[0010] Such a production process may involve chemical or microbiological conversion of material in conjunction with the transfer of mass, heat, and momentum. The process may include homogeneous or heterogeneous chemical and/or biochemical reactions. The process may comprise but is not limited to mixing, filtration, purification, centrifugation and/or cell cultivation.

[0011] Possible products may include a transformed substrate, baker's yeast, lactic acid culture, lipase, invertase, rennet. Further exemplary biopharmaceutical products that can be produced include the following: recombinant and non-recombinant proteins, vaccines, gene vectors, DNA, RNA, antibiotics, secondary metabolites, growth factors, cells for cell therapy or regenerative medicine, half-synthesized products (e.g. artificial organs).

[0012] Generally, a process occurring in a bioreactor is governed by a plurality of process parameters, e.g. temperature and stirring speed. The values of these process parameters may be specifically adjusted prior to and/or during performing the process, e.g. they can be set by an operator or by a control system. The process may be described by a series of steps.

[0013] Exemplarily, the plurality of sources may partially or in the totality be used to obtain the same product by performing variations of the same production process. In particular, the production process for a given product may be thought of as comprising some essential steps to be performed with some essential inputs, while the process parameters are constrained within boundaries determined by scientific principles and/or feasibility. Variations of the production process may, thus, be given by one or more of the following: different values of one or more process parameters, additional optional steps, additional optional inputs. By way of further example, process variation may be produced by:
  • variation in culture organism or clone;
  • variation in base medium;
  • changes in inoculum density or volume;
  • changes in set-points e.g. temperature, pH, or profiles e.g. of temperature
  • changes in feeding regime, either in terms of feed profile, or in terms of feedback control;
  • changes in culture duration.


[0014] Accordingly, a variation of a given production process may be performed in each source, so that the plurality of sources correspond to a respective plurality of process variations. As an example the set point for pH might be 7.2, wherein the accuracy of the pH measurement is +-0.05. Process variations with a setpoint of 7.15 and 7.25 may be performed to cover the normal occurring variation.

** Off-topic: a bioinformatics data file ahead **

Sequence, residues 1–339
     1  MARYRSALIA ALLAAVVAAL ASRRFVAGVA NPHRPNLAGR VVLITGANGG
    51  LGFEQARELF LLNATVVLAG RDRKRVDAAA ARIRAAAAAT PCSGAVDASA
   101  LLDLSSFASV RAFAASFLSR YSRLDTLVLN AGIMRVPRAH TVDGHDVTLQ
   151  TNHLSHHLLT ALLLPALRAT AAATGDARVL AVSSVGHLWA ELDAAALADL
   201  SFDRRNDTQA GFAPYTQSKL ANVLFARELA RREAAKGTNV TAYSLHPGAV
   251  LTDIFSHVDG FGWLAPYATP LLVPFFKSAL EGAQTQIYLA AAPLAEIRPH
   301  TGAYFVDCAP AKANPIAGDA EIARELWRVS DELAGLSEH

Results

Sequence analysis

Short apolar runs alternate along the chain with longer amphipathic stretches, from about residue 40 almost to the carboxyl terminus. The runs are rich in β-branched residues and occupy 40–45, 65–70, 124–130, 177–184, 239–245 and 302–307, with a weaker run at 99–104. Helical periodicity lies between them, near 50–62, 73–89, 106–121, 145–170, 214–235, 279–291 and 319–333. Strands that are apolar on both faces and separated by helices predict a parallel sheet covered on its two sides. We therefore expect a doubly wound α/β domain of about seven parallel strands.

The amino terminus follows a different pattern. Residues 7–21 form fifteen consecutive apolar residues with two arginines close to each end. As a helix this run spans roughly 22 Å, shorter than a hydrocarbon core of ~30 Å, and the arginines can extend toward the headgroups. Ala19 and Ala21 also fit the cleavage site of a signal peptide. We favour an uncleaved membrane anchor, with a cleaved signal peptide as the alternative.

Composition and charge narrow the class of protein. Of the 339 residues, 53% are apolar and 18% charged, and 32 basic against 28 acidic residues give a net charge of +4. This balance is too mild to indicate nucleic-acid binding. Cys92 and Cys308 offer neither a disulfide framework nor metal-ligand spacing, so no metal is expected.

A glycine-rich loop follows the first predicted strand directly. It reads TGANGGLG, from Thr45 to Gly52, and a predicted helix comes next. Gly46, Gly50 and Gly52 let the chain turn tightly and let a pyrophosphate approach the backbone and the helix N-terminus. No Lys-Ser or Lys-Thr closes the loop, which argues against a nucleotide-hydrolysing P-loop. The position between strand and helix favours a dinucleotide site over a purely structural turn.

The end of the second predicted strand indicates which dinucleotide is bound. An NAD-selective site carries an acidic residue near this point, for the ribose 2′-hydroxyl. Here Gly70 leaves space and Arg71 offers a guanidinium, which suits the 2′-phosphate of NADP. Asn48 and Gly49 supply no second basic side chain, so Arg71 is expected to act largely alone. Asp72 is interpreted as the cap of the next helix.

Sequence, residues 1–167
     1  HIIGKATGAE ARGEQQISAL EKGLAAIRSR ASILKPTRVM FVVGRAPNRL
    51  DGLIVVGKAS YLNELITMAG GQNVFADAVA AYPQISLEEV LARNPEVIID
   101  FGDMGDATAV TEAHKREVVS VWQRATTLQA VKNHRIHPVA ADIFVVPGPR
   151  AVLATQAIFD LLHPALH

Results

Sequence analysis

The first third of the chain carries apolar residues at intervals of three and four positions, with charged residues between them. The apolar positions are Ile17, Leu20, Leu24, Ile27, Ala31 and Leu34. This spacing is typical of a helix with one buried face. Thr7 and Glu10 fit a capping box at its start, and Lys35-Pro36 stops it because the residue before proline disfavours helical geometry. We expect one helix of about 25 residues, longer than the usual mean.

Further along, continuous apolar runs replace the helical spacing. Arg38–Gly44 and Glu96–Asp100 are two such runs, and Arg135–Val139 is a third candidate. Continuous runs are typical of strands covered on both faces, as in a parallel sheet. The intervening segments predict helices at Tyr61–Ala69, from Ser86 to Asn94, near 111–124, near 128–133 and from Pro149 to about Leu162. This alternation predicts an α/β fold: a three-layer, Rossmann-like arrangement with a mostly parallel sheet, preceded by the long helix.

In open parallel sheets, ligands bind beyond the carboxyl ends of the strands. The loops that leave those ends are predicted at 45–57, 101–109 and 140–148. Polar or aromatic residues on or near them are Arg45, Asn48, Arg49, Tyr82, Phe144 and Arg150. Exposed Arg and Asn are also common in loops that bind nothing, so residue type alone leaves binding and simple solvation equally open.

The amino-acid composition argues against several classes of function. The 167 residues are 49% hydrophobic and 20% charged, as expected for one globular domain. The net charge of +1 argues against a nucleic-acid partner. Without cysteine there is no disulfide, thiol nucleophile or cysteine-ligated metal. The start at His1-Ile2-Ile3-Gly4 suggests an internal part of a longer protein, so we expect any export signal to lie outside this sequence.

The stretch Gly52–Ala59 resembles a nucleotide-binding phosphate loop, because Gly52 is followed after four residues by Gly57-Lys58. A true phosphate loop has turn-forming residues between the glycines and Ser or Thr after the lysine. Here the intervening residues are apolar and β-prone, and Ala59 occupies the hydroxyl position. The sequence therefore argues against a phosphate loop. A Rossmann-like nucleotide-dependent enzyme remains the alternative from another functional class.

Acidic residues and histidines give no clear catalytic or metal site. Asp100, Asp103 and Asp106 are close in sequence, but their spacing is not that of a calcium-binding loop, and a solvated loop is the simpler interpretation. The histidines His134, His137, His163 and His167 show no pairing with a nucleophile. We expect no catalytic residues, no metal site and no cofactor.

[0015] Further, complex processes such as those taking place in bioreactors present intrinsic variations even if the same steps with the same process parameters are performed. This partly arises from the non-linear amplification of small variations between otherwise highly similar culture vessels or treatments. Accordingly, two or more sources may be used for nominally identical processes, which in reality are also variations of the same process due to intrinsic variations.

[0016] Each sample of the plurality of samples is taken from a source of the plurality of sources. In particular, in the context of this application, a sample may be a portion of biological material characterized by its origin, in that samples from different sources, e.g. bioreactors, are considered distinct samples, irrespectively of the specific biological material which constitutes the sample. In some examples, the biological material in two samples may be the same in the sense that it comprises the same elements, e.g. same cells and same nutrients. However, since the two samples are extracted from two bioreactors performing two different process variations (due to extrinsic or intrinsic variations), the samples are regarded as distinct. The samples of biological material are in liquid form although they may have particulates (cellular or other) in suspension.